The Shutdown of Public Knowledge
“…to further the progress of knowledge and creativity for the benefit of the American people.”
–Mission of the Library of Congress
When the United States government shutdown last night, I did not expect it would have an immediate effect on the Isis Bibliography. Today, I found that I was wrong. My staff and I access the Library of Congress website frequently, yet the building and the website are closed now until the government gets back up and running.
I consult the website for many reasons. Sometimes I look at their catalog records to check the accuracy of a citation, but more frequently—several times each week—my staff and I consult the Library’s rich authority files in order to accurately spell a name, find birth and death dates, or decide on the best word for classifying a subject.
Starting today that is impossible. What we find when we attempt to go to the site is the following screen:
The moment I saw that message, it dawned on me how much I rely on this public resource. I know that many other people, organizations, and businesses are going to be hit just as I have been. This public institution helps to sustain our work. Without it we are impoverished.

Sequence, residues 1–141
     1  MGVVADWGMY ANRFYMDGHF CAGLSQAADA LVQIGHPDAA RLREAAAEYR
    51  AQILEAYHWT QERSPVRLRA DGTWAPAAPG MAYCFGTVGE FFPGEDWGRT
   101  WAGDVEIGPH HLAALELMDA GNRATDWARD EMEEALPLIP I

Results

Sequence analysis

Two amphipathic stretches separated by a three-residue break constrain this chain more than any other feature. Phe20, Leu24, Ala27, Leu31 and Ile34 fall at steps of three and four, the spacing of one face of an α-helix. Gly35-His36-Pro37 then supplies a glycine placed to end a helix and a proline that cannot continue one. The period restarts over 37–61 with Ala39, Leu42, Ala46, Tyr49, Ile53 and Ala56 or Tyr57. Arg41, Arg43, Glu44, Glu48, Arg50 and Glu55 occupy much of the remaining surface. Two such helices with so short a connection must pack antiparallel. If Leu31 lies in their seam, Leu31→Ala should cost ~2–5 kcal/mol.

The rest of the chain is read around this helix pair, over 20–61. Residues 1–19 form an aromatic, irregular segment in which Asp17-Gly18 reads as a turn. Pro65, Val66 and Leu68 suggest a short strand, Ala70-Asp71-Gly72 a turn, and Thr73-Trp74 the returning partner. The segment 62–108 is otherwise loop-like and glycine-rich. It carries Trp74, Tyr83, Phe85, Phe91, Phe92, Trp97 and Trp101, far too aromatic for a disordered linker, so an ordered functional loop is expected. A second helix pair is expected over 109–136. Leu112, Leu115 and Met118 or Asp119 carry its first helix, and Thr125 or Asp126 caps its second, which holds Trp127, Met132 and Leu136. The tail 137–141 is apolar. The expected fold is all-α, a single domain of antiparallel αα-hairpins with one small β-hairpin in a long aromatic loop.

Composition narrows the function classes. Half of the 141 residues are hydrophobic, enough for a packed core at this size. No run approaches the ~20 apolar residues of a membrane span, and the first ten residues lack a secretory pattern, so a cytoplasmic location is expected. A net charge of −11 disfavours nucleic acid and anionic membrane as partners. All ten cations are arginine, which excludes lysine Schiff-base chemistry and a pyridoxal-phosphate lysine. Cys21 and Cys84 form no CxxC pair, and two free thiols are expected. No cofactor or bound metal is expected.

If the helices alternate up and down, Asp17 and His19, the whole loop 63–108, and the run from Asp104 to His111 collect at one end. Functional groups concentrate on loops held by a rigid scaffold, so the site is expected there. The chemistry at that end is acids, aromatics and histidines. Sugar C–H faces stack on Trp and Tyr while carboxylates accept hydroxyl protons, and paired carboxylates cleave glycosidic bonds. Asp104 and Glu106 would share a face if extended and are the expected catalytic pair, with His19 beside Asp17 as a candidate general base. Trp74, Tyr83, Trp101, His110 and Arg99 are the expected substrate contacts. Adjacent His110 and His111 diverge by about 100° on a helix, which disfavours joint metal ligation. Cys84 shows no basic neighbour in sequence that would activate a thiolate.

In an earlier post, I wrote enthusiastically about the open access movement. Since 2009, the Library has been at the forefront of this movement by exposing its authority lists as Linked Open Data. By giving the world such a carefully curated list of millions of names and terms the library is performing an extraordinary public service and encouraging innovation and creativity.
The point is that open access does not just happen on its own. The economics of open access demands a vibrant public sector. When we find vital public resources blacked out, as we do today, we understand better what we are missing.
It is ironic that the first part of the Library’s mission statement is “to support the Congress in fulfilling its constitutional duties.” Just when they need them the most….